4. Combinations with cytotoxic regimens

The rationale for combining cytotoxic drugs with anti-VEGF therapy stemmed initially from additive and in some cases synergistic interaction in pre-clinical models. While an additive effect might be explained by complementary, independent anti-tumor activity, multiple purported mechanisms exist to promote synergistic interaction, including sensitization to apoptosis, reversal of cytotoxic drug resistance, and increased tumor access to chemotherapeutics secondary to vascular normalization (see above).30 It has also been hypothesized that combining VEGF targeted agents with frequently administered low dose, so called metronomic chemotherapy may have additive or synergistic anti-angiogenic or anti-tumor effects.

Given the results of pre-clinical studies referenced above and multiple positive phase III trials (all with bevacizumab) in non-gynecologic cancers,55-58 it is not surprising that trials investigating anti-VEGF and cytotoxic therapy combinations in patients with gynecologic tumors have been pursued with vigor. These are listed in Table 4 and Table 5.

Table 4
National Cancer Institute registered trials of VEGF inhibitors in combination with cytotoxic agents for recurrent gynecologic cancers
Table 5
US National Cancer Institute registered front-line trials of VEGF inhibitors in combination with cytotoxic agents for gynecologic cancers

While it would appear reasonable for cytotoxic agents considered active in gynecologic cancers to be combined with anti-VEGF agents in phase II trials, many such trials have perhaps been initiated without evidence of safety or preclinical evidence of benefit, in a "cart before horse" fashion. This enthusiasm has also been reflected in multiple published multi-institutional historic cohort studies of VEGF inhibitors in recurrent EOC, endometrial and cervical cancer reflecting the utilization of VEGF inhibitors in combination with cytotoxic agents in routine clinical practice.59-66 It is unclear whether combination therapy is a better choice than single agent therapy in this setting without controlled clinical trials data.

Perhaps the first phase II trial of combined cytotoxic and anti-VEGF bevacizumab and low dose oral cyclophosphamide in 70 patients with recurrent or persistent EOC.67 Patients were treated with bevacizumab at 10 mg/kg every 14 days with 50 mg of daily oral cyclophosphamide. Based on similar eligibility criteria, patient and disease characteristics were similar to that of the GOG 170-D population. This regimen was associated with a toxicity profile similar to the single agent bevacizumab trial with the exception of 2 cases of G4 cerebral ischemia, 2 cases of pulmonary hypertension, 4 GI perforation events and 3 treatment related deaths. With regard to efficacy, 56% of patients were progression-free as of 6 months and 24% had partial clinical responses. These findings provide rationale for a phase II randomized trial of combination versus single agent therapy, but early stopping rules for excessive toxicity in such trials would be important.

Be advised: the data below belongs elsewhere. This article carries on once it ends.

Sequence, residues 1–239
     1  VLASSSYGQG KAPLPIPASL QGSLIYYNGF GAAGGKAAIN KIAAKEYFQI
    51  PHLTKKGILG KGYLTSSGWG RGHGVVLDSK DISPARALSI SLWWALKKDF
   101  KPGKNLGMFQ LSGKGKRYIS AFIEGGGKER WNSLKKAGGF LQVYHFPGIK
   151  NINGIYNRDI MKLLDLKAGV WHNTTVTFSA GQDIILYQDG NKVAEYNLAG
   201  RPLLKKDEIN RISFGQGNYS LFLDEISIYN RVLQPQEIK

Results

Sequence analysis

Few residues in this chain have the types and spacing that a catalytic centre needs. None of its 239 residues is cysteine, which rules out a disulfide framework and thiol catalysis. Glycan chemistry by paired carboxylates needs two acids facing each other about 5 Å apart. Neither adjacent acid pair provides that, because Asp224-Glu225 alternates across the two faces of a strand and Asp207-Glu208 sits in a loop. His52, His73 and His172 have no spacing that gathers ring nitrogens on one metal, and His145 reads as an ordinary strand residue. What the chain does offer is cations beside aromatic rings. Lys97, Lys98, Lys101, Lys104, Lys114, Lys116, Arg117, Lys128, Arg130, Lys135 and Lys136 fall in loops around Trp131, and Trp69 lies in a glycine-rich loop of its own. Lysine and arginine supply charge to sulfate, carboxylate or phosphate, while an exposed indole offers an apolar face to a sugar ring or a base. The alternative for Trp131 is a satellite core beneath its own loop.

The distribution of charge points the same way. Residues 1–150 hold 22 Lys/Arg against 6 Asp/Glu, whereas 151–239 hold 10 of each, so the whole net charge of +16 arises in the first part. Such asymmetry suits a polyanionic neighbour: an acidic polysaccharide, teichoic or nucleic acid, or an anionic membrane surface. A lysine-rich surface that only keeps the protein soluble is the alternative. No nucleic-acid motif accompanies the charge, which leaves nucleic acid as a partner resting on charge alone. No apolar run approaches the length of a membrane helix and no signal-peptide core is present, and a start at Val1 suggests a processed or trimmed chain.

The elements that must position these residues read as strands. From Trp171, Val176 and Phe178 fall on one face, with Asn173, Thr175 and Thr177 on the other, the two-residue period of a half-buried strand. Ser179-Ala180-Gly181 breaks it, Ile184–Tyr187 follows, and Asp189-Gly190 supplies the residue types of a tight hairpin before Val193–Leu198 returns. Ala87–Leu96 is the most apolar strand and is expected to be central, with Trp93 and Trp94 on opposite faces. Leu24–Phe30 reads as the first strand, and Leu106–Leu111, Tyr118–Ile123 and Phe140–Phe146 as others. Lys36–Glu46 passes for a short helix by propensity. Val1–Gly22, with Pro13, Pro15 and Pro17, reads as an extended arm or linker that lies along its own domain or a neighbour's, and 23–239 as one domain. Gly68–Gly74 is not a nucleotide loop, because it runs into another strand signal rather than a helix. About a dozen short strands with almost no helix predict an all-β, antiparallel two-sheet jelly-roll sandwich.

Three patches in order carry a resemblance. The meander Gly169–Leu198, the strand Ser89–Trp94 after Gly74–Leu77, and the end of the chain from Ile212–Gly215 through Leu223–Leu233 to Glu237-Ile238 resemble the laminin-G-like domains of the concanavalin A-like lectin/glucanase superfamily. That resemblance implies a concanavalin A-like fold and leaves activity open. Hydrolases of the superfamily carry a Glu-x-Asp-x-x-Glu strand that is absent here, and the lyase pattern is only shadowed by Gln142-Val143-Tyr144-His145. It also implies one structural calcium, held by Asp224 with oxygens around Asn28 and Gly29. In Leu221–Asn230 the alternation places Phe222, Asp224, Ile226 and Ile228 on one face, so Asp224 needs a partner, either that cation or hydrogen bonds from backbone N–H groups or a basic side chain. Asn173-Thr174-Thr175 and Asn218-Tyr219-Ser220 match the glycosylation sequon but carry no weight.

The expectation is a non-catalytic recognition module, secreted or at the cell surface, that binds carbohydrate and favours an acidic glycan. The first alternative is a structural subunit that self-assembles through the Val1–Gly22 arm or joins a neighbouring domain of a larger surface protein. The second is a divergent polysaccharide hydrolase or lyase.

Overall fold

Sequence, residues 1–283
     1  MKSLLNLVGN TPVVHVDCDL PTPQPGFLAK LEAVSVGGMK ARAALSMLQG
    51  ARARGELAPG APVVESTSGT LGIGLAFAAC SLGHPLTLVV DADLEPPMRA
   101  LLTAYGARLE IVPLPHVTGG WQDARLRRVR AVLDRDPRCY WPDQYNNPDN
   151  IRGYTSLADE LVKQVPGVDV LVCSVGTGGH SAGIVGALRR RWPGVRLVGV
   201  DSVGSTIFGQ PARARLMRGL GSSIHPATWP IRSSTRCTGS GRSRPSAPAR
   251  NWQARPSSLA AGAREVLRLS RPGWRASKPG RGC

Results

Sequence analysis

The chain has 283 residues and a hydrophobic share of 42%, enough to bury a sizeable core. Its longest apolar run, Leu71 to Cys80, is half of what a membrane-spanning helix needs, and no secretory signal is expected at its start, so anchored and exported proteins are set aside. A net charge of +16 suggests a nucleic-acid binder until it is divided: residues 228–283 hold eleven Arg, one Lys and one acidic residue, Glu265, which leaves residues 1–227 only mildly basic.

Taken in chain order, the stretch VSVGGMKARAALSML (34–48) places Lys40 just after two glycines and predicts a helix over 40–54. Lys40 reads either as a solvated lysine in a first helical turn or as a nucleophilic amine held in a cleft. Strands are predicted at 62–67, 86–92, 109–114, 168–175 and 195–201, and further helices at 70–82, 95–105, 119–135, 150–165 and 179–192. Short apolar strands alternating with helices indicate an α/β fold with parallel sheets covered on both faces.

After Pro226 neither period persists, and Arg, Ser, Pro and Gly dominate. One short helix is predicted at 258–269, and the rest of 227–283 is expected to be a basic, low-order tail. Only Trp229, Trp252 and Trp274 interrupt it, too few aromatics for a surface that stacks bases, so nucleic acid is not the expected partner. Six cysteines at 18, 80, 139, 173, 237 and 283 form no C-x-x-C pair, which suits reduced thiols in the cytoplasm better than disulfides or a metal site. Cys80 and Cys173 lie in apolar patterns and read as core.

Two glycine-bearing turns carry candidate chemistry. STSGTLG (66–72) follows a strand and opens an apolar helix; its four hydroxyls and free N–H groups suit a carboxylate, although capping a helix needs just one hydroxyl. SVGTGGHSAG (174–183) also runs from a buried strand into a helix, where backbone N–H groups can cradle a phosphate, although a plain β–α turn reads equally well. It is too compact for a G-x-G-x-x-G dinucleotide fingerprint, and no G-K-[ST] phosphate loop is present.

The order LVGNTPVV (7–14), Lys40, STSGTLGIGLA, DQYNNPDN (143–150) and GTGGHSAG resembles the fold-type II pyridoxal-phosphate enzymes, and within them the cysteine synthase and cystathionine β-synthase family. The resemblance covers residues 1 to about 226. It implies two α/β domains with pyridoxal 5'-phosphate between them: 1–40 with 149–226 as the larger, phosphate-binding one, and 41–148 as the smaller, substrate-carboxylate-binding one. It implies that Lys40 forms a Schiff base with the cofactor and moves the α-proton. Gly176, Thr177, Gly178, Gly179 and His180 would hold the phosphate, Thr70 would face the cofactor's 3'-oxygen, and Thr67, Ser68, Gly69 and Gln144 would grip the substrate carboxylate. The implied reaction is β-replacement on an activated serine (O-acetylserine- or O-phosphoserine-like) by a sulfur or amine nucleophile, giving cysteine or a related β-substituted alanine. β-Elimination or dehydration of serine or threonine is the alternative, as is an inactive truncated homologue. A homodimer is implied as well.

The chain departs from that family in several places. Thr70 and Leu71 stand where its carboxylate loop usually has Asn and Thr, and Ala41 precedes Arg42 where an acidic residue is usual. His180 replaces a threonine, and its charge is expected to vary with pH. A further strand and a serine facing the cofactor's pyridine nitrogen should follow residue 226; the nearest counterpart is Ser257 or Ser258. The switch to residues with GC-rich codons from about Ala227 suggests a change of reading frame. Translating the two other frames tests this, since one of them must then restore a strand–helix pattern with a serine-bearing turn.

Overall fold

Additional reports of outcomes for patients with epithelial ovarian and primary peritoneal cancers treated with bevacizumab include at least three historical case series of patients treated outside clinical trials with single agent therapy or in combination with cytotoxic drugs, suggesting activity in more heavily pre-treated patients with recurrent disease61,63,66 and two single arm phase II studies demonstrating the feasibility of the combination of traditional carboplatin-paclitaxel chemotherapy combined with bevacizumab in front line therapy.68,69

Taken together, these results support the need for randomized trials to determine relative efficacy and toxicity. As shown in Table 4, four such studies are in progress for recurrent EOC. One example is GOG 213, a phase III trial of second line therapy with carboplatin and paclitaxel, with or without bevacizumab, in patients with initial platinum-free intervals of at least 6 months, with a primary endpoint of overall survival. To address the potential added benefit of secondary cytoreductive surgery, in this study, patients who are deemed to be "surgical candidates" undergo secondary randomization to surgery versus no surgery. Another is a placebo controlled trial of carboplatin and gemcitabine with or without bevacizumab in a similar population, with primary endpoint of PFS.

As demonstrated in Table 5, currently, two phase III trials of bevacizumab in front-line therapy are in progress - GOG 0218, activated September 2005 and ICON7, activated October 2006. Both trials include six cycles of standard platinum-taxane chemotherapy, but there are important differences between the two trials which should be noted. GOG 218 is a three-arm, placebo-controlled trial, whose primary objective is to determine whether the addition of bevacizumab (15 mg/kg every 21 days) to standard cytotoxic therapy, when administered concurrently, or concurrently plus extended for an additional 16 cycles, will produce an improvement in PFS. It is limited to patients with stage III or IV disease. In contrast, ICON-7 is a two-arm trial without a placebo, with the experimental arm containing bevacizumab (7.5 mg/kg every 21 days) concomitantly with cytotoxic therapy, then extended for 12 cycles, also with the primary endpoint of PFS. The patient population for the ICON trial includes all patients with at least high risk early stage disease. As far as secondary endpoints are concerned, both trials will systematically examine quality of life, and while translational research will be performed in the context of GOG 218 and a pharmaco-economic analysis is planned for ICON-7.